Featured Locomotive for April 2011

The Tram

This month we shall get right away from locomotives and talk about their small cousin, the Tram. The earliest trams were horse drawn, electric traction soon took over. However, all the will in the world will not get a tram to climb a 10% slope or greater. To get around this problem the cable car was invented. The sole surviving operating example is in San Francisco, USA.

The Cable Car

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The first was the Clay Street Hill Railroad, which opened 2nd August 1873 & commenced full service 1st September. It was a huge financial success and the promoter, Andrew S. Hallidie, became a wealthy man, enforcing his patents onto other operators.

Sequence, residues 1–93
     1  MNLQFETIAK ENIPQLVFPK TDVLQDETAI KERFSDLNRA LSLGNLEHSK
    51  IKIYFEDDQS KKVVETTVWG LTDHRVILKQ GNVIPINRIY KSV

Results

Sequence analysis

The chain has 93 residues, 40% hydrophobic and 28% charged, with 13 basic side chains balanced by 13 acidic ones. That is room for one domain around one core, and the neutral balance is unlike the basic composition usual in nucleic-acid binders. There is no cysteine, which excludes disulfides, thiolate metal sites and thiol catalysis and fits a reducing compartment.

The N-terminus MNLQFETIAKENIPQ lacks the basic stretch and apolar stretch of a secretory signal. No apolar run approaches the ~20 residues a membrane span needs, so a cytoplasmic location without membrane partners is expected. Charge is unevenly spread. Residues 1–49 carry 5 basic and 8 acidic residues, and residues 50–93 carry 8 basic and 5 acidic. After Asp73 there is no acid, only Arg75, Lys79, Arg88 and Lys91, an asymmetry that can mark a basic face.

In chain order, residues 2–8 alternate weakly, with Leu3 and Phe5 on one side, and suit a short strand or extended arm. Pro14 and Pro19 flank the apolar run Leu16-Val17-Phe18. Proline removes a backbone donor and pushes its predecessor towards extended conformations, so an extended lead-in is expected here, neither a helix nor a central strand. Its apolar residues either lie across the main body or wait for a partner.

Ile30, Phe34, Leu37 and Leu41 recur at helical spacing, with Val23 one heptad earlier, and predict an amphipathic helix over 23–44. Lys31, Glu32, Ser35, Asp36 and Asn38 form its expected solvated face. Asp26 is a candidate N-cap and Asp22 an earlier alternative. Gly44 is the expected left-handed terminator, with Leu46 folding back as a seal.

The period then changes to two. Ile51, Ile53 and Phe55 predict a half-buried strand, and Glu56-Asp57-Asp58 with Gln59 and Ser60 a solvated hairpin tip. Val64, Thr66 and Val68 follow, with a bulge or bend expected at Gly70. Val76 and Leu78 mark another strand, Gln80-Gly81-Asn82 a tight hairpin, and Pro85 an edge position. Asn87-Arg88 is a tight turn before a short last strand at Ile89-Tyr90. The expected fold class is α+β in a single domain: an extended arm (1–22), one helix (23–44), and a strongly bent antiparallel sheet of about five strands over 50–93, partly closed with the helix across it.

Our example is the Powell & Mason Sts. No22, shown here completely out of context for an urban transport system, Market Street opened in 1883, operated by Southern Pacific Railroad. They were the largest operators and a cable car left the terminus every 15 seconds - Wish - Wish.

Electric traction took over but not on San Francisco's hilly roads - 1906 earthquake destroyed powerhouse and buildings along with 117 cable cars. In 1982 the system was shut down for major repairs' the present system has operated since 1984, to the delight of locals and the tens of thousands of tourists who have ridden them - the writer included. The Powell-Mason Line (#59) terminus is 2 blocks from the famous Fisherman's Wharf. The Power House is open to the public - it operates six cables at 9.5mph (15.3kph) driven by 510hp (380kw) electric motors. The cable is 1.25 inch in diameter (3.175cm) multi strand. The gauge of the track is 3ft 6inc (1067mm). Sydney had a cable car system - Miller Street & Falcon Street, North Sydney.

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